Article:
The API reported a build in gasoline inventories of 1.623 million barrels of gasoline for the week ending September 25 – compared to the previous week’s 7.735-million-barrel draw. Analysts had expected a much smaller 648,000-barrel draw for the week.
Distillate inventories were down by 3.424 million barrels for the week, compared to last week’s 2.104-million-barrel draw, while Cushing inventories rose by 1.610 million barrels.
At 4:36 pm EDT, the WTI benchmark was trading at $38.99 while Brent crude was trading at $40.76.
COVID-19 on flights: More trips added to B.C.’s exposure warning list
Several more flights have been added to B.C.’s COVID-19 exposure list, with passengers being warned they should self-monitor for symptoms of the disease.
The B.C. Centre for Disease Control posted details about the latest flights Monday evening. All four are domestic and either departed from or landed at Vancouver International Airport.
The flights most recently added to the BCCDC’s list are:
- Sept. 18 – Air Canada flight 122 from Vancouver to Toronto (rows 13 to 19)
- Sept. 19 – Air Canada flight 303 from Montreal to Vancouver (rows four to eight)
- Sept. 22 – Air Canada flight 304 from Vancouver to Montreal (rows 22 to 28)
- Sept. 24 – Air Canada flight 123 from Toronto to Vancouver (rows 20 to 24)
Passengers seated in the specified rows may be at a greater risk of exposure to the coronavirus, the BCCDC says.
More than 50 flights have been added to the BCCDC’s exposure warning list so far this month. Last week, Health Canada said there was no confirmed COVID-19 transmission on domestic flights within Canada, or on international flights to or from Canada.
Health officials in B.C. no longer directly contact people who were seated near someone with a confirmed case of COVID-19. Instead, health authorities post notices online about flights with confirmed cases.
Source: – CTV News Vancouver
COVID-19 in B.C.: Vancouver care home dealing with second outbreak – CTV News Vancouver
A second outbreak of COVID-19 has been declared at a West End seniors’ home.
Haro Park Seniors Centre said in an email to families Tuesday that a resident from the Amber Lane area tested positive for the disease at St. Paul’s Hospital.
The care home says there are currently no confirmed cases of COVID-19 in the building.
“As a result of the outbreak being declared, we will be in full outbreak protocols as we were in the spring,” the email from the care home reads.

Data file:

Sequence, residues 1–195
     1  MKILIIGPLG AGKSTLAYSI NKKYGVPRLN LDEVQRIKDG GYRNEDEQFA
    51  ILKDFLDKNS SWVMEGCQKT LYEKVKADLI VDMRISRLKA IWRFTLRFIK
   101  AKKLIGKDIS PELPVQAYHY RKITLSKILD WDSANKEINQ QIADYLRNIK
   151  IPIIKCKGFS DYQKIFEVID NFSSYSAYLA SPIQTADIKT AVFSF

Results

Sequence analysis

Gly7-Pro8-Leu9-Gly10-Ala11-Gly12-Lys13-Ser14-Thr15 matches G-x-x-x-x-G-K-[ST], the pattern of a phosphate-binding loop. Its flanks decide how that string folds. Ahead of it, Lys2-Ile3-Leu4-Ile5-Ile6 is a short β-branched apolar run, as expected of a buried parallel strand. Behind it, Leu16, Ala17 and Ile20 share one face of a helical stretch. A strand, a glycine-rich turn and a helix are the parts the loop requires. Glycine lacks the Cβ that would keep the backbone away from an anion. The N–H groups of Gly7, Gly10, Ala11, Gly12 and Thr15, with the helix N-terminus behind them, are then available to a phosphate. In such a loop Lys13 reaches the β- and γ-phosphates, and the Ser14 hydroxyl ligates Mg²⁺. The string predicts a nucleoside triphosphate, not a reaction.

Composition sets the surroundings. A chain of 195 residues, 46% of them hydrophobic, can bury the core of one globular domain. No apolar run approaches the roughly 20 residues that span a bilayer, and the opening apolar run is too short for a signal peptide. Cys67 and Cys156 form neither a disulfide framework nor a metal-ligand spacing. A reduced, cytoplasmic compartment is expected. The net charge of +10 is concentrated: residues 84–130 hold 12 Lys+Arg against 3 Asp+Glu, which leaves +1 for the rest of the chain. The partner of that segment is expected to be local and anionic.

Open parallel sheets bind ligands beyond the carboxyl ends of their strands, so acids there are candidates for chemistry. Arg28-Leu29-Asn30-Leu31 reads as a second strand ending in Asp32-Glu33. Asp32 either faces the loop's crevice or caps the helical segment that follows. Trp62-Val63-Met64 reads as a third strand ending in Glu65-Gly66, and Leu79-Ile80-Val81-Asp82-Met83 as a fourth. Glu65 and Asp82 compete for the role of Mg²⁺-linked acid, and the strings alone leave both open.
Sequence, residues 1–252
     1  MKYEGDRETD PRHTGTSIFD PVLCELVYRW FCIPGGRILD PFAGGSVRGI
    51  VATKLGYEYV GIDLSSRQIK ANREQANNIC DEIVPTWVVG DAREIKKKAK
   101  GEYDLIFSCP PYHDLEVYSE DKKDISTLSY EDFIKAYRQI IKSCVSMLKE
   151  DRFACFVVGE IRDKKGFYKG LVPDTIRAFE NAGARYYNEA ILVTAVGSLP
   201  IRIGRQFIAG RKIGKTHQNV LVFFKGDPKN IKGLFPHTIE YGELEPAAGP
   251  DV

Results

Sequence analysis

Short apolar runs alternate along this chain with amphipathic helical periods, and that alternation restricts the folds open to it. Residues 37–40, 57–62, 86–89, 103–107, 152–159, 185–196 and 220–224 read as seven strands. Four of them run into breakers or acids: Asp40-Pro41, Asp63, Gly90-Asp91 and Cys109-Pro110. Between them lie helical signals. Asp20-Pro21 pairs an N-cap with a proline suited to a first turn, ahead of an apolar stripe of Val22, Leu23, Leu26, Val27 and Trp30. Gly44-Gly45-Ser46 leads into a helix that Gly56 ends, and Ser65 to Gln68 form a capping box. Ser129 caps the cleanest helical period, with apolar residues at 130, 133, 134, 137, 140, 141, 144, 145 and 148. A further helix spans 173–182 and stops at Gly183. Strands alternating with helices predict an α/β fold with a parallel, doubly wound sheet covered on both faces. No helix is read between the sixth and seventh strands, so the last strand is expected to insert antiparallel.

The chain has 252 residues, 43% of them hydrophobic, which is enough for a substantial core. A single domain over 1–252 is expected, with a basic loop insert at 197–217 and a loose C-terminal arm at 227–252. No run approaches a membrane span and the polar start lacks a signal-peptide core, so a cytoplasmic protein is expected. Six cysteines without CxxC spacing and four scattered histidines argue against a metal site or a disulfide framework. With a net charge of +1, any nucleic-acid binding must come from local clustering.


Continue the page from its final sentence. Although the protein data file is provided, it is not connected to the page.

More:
Haro Park says its team is fully stocked with personal protective equipment and disinfecting products and says it is “well prepared.”
All social visits from family are suspended until further notice.
A previous outbreak of the coronavirus at Haro Park was declared over in May. Eleven residents died and dozens more got sick after the first case at the facility was detected and announced on March 18.
At the time, provincial health officer Dr. Bonnie Henry described the outbreak as one of B.C.’s “first and most difficult care facility outbreaks.”
On Monday, Henry announced three new health-care facility outbreaks had been detected, including a second outbreak at Holy Family Hospital. Health officials said there were 13 active outbreaks in long-term care or assisted living facilities and three in acute care facilities.
Tuesday’s COVID-19 update will be delivered in a written statement sometime in the afternoon.
Oil Prices Under Pressure As Gasoline Inventories Climb
How can I volunteer for a COVID-19 vaccine study?
Spotify founder backs gigafactory as first deeptech investment
Silver investment demand jumped 12% in 2019
Iran anticipates renewed protests amid social media shutdown
Richmond BBQ spot speaks out about coronavirus rumours Vancouver Is Awesome
- Politics23 hours ago
Wirecard: the scandal spreads to German politics
- Business21 hours ago
Ford To Produce New Electric Cars In Canada
- Science22 hours ago
INRS Researchers Develop a New Membraneless Fuel Cell
- News20 hours ago
Chinese dairy investor pressed Canada to 'mitigate the risk' of new NAFTA – CBC.ca
- Business15 hours ago
Here is the list of pharmacies offering COVID-19 tests in London and region – London Free Press (Blogs)
- News13 hours ago
Feds announce plan to buy 7.9 million rapid COVID tests – CBC.ca
- Tech15 hours ago
Google announces crackdown on in-app billing, aimed at Netflix and Spotify – Ars Technica
- Science14 hours ago
Air leaking from International Space Station but no danger to crew: Roscosmos agency – Reuters Canada